Caregiver Tip Tuesday: Proper Lifting Techniques
You’re new on the job, you’re well trained, you got that PMA (Positive Mental Attitude), you can do anything, you’re young, strong and fit.. then you go and try to help Mrs. Johnson onto the commode and you feel a slight tug in your lower back. Of course you don’t think of it while at work then you yawn and stretch and then you feel it.. your back is ripped to shreds, you cant stand up right and you’re hobbling around worse than Mr. Davis who has a white knuckle death grip on his walker. What the heck happened!?
Sorry to say this may have become a life long injury that pops up at the most inopportune times. Injuries to ligaments sometimes take years to heal and sometimes they have a way to keep reinjuring themselves so that you never heal for as long as you live. This is why older people complain about sciatica, knee pain, and suffer from poor posture or scoliosis to alleviate the pain. Now you, as a young caregiver, have just joined the club and put yourself out on the injured reserve and possibly out of work, or at the worst.. out of a promising career helping other people.
So let’s roll this back to right before you’re helping Mrs. Johnson up. Did you square up your back, or was it bent? Were you knees bent, or were they locked in place and you’re leaning forward beyond your center of gravity? Were your feet planted firmly on the ground, or were they at an angle not supporting your weight? We must remember the important thing about lifting heavy things is ‘No BLTs’ that’s as described as no Bending over, no Lifting while bent over, and you must especially remember never ever Twist your torso while turning. If you can, keep the object or person close you you, use your stomach muscles and back muscles to lock in your spin into a good posture. And if you have to turn, do it with your feet. Or even better still try to make the resident go under their own power as much as possible and try to support them and use leverage to get them into a good position to transfer. Better than all of that, if you have doubts.. don’t hesitate to use a mechanical lift device built specifically for this purpose. If you need training on the lift.. ask your administrator, and maybe check out an instructional video from the manufacturer on the web after the training session for full understanding.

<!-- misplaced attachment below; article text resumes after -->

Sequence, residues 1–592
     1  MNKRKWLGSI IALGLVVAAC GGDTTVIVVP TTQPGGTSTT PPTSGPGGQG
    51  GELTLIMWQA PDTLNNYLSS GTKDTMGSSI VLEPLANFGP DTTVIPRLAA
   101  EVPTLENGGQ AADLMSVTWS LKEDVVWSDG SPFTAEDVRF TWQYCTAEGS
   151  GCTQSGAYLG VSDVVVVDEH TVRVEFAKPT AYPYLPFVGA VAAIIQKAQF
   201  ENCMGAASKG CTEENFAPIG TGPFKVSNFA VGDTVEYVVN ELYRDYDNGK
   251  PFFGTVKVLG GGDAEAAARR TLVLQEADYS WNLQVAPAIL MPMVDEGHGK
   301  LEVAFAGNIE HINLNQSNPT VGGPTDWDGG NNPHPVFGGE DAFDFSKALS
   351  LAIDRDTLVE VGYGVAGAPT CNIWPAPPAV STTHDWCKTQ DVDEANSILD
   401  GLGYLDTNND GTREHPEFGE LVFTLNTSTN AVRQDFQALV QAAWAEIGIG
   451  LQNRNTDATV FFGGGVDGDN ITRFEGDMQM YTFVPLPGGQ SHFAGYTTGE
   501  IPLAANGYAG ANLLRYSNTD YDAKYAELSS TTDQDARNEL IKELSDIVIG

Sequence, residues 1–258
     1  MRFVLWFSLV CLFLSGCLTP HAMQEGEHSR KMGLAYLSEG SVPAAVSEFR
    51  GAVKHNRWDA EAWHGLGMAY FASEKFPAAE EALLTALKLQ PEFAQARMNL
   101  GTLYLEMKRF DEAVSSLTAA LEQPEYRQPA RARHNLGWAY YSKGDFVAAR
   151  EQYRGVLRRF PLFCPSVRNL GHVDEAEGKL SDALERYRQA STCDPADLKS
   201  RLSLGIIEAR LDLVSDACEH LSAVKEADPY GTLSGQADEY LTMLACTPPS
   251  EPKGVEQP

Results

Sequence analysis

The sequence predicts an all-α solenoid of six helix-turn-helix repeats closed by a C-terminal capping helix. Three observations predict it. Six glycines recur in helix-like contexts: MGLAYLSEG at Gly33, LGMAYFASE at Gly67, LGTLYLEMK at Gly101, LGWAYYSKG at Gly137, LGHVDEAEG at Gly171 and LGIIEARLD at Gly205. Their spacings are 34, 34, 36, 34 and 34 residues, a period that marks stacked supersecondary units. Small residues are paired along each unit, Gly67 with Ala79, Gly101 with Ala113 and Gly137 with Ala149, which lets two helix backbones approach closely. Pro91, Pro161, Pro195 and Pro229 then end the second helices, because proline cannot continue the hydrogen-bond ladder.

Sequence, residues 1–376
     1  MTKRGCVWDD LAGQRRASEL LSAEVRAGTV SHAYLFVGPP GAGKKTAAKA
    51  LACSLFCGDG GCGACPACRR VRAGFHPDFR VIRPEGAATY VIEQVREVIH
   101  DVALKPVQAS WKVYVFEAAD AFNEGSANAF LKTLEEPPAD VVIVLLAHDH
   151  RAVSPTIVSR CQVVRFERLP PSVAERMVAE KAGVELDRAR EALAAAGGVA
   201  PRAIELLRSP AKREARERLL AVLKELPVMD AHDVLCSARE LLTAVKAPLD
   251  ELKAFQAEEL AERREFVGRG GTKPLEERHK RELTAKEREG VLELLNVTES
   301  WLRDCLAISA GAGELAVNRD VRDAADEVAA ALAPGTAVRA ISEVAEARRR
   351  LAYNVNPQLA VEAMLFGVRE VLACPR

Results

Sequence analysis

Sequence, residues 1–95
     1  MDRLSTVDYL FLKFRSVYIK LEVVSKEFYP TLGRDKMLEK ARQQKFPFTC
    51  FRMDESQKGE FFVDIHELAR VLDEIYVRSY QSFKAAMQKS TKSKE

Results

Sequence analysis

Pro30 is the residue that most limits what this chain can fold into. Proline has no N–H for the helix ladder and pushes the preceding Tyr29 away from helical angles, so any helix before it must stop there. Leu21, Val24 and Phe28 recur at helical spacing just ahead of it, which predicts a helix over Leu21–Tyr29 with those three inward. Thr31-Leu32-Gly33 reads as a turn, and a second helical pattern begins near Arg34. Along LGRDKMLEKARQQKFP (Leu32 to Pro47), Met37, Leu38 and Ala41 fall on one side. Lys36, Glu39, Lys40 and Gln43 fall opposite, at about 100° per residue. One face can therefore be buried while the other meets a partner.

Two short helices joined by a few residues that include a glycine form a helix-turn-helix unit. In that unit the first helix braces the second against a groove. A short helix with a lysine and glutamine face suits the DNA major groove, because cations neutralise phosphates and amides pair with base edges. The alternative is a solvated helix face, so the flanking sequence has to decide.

We wish you good health, and please remember to follow good lifting techniques in any situation. Even if it’s to pick up a tissue off the floor, saving your back will save you years of pain down the road and help you provide the most excellent care you can provide in your career.